Arie Weinzweig, who wrote the Bible on service brands called ‘Zingerman’s Guide to Giving Great Service’ says, “Both formal statistical studies and all my years of hands-on, face-to-face experience lead me to the same conclusion: customers who receive a high-quality product but poor service are unlikely to give a shop a second shot.”
“By contrast, surprisingly high numbers of clients who’ve gotten great service but received substandard product will return to give the business another opportunity to take care of them.”
Fact is, you will never score 100% on product or service, and therefore, you must train your staff in Service Recovery, which is the science and art of regaining customer confidence when due to a rare error you have caused a loss of time or money to your customer.
As a customer, I tend not to experiment, preferring to stay with brands that are consistent in their delivery.
So it was interesting to see what happened when three of my favourite brands, Samsonite, Amazon.in and Jet Airways, all faltered around the same time.
Who won in Service Recovery?
All our baggage at home is Samsonite: some of our bags have lasted for over 20 years. Three years ago, when I walked into a shop to buy a new computer satchel, the salesman asked me what happened to the previous one. “Oh, the zip isn’t working.”
Did I know which model of Samsonite? “No…too long ago…no wait…the ad had Richard Branson in it.”
That one has a lifetime guarantee, sir. If you have the bill, we will return the cash INR 4,500 which is what its price was five years ago. If you don’t, we will reduce INR 4,500 from the cost of whatever you buy now.
Just like that!
He did not ask where I had bought the Samsonite, where the bill was, when I had bought it. I had been singing praises of Samsonite in all my workshops since then, till….
The products started giving way. Wife found herself in remote Sikkim with a brand new Samsonite and a malfunctioning zip.
And two weeks ago, in a hotel in Oslo, at midnight I stared down at a similarly malfunctioning Samsonite.
Ah, and before that the clip of the Samsonite currency holder broke…twice!
Back in Mumbai, I complained to the shop salesman. “Why has the quality dropped substantially?” Maybe they make them in China, not in Europe.
I write a long mail to the company, explaining I am a twenty-year loyal consumer and am worried about the declining quality.
I get an auto-reply from the asst. director, customer care, asking me to get the bag over to the nearest shop:-)
No regards for my loyalty or for own product quality: a certain death-wish?
Service Recovery score: 0%
Next favourite: Amazon.in.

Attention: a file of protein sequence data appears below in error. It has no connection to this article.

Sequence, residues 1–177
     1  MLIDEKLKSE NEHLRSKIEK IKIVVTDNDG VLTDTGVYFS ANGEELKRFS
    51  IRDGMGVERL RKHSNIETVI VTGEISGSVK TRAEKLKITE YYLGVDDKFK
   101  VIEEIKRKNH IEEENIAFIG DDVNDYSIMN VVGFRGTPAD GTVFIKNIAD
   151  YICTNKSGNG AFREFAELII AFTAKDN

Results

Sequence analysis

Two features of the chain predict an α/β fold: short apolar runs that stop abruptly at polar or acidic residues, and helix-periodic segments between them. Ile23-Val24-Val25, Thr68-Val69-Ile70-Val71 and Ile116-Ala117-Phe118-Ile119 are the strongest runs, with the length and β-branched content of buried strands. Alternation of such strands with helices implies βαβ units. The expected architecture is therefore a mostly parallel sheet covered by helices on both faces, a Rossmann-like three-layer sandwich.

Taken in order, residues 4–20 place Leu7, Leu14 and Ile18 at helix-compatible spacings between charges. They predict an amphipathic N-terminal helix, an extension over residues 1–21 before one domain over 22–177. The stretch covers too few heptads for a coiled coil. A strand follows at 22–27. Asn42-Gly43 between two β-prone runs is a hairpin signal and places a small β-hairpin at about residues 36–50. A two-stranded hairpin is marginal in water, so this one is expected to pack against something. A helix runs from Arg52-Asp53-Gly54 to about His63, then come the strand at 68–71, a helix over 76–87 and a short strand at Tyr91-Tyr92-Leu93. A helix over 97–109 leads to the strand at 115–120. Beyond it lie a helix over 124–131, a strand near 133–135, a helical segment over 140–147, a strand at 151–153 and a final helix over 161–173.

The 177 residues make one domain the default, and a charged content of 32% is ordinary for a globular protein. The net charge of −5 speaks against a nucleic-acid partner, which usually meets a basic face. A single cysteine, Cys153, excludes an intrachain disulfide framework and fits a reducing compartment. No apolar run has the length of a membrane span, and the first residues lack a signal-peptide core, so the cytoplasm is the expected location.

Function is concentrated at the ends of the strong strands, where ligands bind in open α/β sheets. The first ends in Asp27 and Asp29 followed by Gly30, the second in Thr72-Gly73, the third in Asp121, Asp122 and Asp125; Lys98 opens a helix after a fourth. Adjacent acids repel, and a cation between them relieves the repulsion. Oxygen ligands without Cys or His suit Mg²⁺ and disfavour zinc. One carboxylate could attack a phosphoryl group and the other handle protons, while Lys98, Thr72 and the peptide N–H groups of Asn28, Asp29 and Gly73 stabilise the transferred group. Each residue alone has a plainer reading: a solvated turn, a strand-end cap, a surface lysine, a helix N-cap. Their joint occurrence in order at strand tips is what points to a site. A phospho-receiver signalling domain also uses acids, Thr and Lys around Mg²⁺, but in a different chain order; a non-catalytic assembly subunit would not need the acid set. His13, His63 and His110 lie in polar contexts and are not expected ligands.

My One Plus One battery goes on the blink and a friend advises getting Huawei Honor Pro, now available exclusively on Amazon Prime.
I book it on a Monday, delivery guaranteed on a Wednesday.
Wednesday: no phone.
Tracking shows “Address not found.” This after 26 deliveries have been made in 12 months to the same address!
Thursday: no phone.
A call to the ‘delivery boy’ confirms that they have added the wrong PIN.
Friday: no phone.
A call to the call centre confirms the issue will be sorted out in a day…and can I please respond to the call centre mail about its level of service:-)?
Monday: no phone.
Email response sends me to a link where I must explain the problem.
Tuesday: no phone.
So I finally Tweet. I hate making my problems public, but they have driven me to it :-)
Tweet reply says, “Please note your complaint here.” Which is the same link the email had sent me to!
The painful saga ends with Amazon reversing the online payment. At least they do that on time!
Service Recovery score: 10%
And finally, Jet Airways.
As a Platinum member, I get vouchers that I can trade for an upgrade. So on a flight to Bengaluru, I ask the lady at the counter whether she can upgrade me on this particular flight. I know my chances are better on a flight that is not during rush hour. She consults her senior, then nods assent, makes notes on the voucher, changes my seat number on the boarding pass, and leaves me happy.
Until I reach the departure gate.
Now I am told that my upgrade has been reversed, but I can buy the upgrade for another INR 3000 and I am now in a middle seat instead of my earlier aisle seat. The girl from the counter enters the plane and apologises, and returns the guilty voucher :-)
I write an email stating my case: I didn’t ask for the vouchers, you gave them as a gift. I asked for the upgrade and the senior confirmed. Very embarrassing to be chucked out at the last minute.
The reply follows the classic Service Recovery rules.
1. First, agree there was a mistake
2. Second, apologise for the mistake
3. Third, explain if possible why it happened
4. Fourth, provide a tangible reward as compensation
The email did all four, and in style.
Service Recovery score: 100%
Today, all product brands are service brands.
And without a well-planned Service Recovery system in place, you are likely to lose your share of loyal consumers!
( Kiran Khalap is the co-founder and managing director of chlorophyll brand & communications consultancy)